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Orbex, the British start-up, reveals the largest rocket motor in 3D printing

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© Orbex

The British start-up, which specializes in aerospace, has just presented its Prime Light Prime on February 7, 2019 and is equipped with the largest rocket engine to date acquired by additive manufacturing.

Technology that has many advantages

Recently unveiled on the occasion of the inauguration of its new headquarters in Forres, Scotland, the second phase of its Prime launcher has excellent functions because it is equipped with the "largest rocket engine in the world to be printed in 3D". Thanks to the collaboration with SLM Solutions – a 3D printing company specializing in metal parts – Orbex has succeeded in developing a one-piece engine using a super alloy and without any seal.

The technical features that allow this small rocket (19 m high for a diameter of 1.3 m) to be innovative do not stop there. Orbex has indeed indicated that the second phase of Prime is made with a composite material of carbon fiber and aluminum, making it "30% lighter and 20% more efficient" than the size comparable. Moreover, the engine design would also make the whole a lot more sustainable, as Orbex says: "The lack of welding or assembling also means that the rocket is more resistant to extreme fluctuations in temperature and pressure."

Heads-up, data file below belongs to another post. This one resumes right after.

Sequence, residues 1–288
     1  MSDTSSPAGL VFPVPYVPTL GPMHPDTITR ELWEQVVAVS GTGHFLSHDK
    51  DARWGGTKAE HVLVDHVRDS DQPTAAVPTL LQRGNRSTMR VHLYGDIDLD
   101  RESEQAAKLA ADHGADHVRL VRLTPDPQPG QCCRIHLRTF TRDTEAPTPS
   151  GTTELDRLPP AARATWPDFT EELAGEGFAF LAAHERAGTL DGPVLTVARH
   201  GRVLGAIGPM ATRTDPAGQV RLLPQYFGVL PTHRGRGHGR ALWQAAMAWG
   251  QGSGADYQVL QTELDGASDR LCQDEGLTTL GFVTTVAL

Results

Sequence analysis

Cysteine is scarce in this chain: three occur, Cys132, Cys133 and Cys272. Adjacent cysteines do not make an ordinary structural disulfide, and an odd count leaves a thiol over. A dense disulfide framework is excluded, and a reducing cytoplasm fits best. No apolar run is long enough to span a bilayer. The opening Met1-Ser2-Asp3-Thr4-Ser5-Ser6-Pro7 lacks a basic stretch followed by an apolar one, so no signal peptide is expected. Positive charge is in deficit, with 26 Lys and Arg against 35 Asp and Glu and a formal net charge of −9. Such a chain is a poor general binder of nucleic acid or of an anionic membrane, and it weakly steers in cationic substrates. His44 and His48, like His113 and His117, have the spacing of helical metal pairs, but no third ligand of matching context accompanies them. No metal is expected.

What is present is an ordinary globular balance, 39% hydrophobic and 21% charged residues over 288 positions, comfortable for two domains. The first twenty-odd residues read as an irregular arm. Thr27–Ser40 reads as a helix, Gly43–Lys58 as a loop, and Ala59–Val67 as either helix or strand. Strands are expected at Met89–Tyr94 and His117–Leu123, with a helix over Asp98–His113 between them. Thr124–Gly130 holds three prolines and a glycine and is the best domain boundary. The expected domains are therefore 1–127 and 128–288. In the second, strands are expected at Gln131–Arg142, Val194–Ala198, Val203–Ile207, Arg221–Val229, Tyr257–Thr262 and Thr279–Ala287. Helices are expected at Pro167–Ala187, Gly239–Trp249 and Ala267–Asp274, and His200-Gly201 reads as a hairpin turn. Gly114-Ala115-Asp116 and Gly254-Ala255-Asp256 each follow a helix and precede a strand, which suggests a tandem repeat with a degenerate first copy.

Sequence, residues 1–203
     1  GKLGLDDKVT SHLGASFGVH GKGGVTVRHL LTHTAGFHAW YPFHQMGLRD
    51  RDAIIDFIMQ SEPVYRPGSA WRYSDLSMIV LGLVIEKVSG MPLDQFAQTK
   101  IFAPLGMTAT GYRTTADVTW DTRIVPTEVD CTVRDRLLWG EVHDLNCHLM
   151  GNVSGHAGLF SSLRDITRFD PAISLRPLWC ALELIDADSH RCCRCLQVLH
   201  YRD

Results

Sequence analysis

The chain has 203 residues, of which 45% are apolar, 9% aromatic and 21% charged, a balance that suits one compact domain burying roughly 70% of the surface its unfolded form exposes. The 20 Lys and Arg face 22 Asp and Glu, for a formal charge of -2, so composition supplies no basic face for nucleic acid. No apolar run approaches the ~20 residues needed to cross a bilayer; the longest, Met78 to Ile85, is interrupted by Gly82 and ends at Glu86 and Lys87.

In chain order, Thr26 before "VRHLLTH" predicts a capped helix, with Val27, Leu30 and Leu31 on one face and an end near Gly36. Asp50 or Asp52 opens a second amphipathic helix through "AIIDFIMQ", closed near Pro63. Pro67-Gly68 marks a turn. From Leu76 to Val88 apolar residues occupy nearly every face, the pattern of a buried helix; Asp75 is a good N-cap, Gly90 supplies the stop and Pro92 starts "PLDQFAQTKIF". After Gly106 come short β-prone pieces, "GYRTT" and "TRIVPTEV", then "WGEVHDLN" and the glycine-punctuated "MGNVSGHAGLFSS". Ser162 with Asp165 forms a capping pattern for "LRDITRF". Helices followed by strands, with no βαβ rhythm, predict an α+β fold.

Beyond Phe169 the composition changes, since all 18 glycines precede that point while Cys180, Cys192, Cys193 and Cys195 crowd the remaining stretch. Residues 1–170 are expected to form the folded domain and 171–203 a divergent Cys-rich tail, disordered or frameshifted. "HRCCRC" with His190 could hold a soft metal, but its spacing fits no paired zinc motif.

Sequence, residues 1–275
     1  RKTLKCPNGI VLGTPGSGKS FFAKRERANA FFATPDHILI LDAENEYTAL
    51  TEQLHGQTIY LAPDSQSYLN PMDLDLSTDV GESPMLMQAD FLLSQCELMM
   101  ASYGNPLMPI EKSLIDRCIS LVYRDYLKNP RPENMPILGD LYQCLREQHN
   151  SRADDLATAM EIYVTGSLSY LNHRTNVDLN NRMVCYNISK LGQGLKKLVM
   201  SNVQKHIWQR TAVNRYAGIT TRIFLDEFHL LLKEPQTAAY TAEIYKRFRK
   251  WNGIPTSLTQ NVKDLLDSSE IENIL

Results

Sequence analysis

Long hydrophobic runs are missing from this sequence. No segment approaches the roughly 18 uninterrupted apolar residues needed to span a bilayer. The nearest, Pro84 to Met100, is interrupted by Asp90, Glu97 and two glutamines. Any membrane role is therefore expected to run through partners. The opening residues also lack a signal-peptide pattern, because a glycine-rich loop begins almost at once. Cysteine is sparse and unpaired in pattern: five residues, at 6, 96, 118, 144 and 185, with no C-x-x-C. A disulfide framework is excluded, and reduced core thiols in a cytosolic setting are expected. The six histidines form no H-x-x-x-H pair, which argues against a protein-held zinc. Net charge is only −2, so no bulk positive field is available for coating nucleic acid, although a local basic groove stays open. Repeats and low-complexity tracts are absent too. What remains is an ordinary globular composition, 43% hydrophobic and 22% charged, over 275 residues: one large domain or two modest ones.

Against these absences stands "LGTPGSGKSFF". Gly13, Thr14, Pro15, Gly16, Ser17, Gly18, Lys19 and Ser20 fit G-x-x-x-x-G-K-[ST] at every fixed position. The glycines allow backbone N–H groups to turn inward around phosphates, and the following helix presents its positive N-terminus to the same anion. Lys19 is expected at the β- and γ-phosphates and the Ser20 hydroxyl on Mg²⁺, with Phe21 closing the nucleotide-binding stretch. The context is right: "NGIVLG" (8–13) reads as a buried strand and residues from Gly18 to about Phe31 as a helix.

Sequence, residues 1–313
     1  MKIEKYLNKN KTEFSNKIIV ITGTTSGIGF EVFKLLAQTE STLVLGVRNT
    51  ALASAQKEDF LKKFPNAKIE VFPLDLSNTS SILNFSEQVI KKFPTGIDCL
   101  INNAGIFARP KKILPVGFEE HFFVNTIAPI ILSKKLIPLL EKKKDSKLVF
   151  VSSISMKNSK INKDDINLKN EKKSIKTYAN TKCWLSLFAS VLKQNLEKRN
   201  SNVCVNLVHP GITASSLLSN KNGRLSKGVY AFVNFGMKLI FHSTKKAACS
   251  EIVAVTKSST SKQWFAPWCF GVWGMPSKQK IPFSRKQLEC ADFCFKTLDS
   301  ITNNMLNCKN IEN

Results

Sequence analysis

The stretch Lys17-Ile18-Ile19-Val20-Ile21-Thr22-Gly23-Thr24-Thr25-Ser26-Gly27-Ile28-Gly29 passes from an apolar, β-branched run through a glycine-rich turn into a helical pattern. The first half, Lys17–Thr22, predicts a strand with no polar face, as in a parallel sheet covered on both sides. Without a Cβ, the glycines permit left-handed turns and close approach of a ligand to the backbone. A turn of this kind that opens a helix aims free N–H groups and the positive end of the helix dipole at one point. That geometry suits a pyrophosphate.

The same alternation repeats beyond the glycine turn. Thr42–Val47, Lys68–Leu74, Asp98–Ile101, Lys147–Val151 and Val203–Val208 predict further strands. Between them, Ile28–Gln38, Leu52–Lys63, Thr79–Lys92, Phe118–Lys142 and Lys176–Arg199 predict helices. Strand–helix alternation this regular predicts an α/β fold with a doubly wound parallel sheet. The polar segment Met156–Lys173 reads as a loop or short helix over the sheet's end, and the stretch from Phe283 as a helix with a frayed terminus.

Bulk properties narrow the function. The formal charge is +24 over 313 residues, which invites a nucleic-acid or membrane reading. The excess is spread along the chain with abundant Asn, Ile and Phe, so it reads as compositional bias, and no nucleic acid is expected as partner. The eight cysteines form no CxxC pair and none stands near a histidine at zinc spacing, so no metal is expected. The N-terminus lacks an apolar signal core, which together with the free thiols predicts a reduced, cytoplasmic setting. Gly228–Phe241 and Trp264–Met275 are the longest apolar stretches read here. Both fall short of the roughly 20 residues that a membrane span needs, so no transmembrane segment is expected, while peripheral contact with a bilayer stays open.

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© Orbex

This surprising engine will also be the first one designed to work with biopropane, as explained by the CEO of Orbex to our colleagues at Digital Trends: "The other big step forward with this rocket motor is that it is the first commercial rocket motor designed to work with biopropane, a renewable and clean fuel."

A first mission for 2021

Designed to be launched in a small satellite, Prime has already been approached by several customers and the launch launch is expected to be completed in 2021 on behalf of Surrey Satellite Technology Ltd. (SSTL), & # 39; the world's largest manufacturer of small satellites.

Astrocast SA, a Swiss start-up, has also chosen Orbex to launch its constellation of 64 nanosatellites, with which it can set up an IoT network above our heads. The first launch for Astrocast SA is planned for 2023 with a useful load of 10 nanosatellites.

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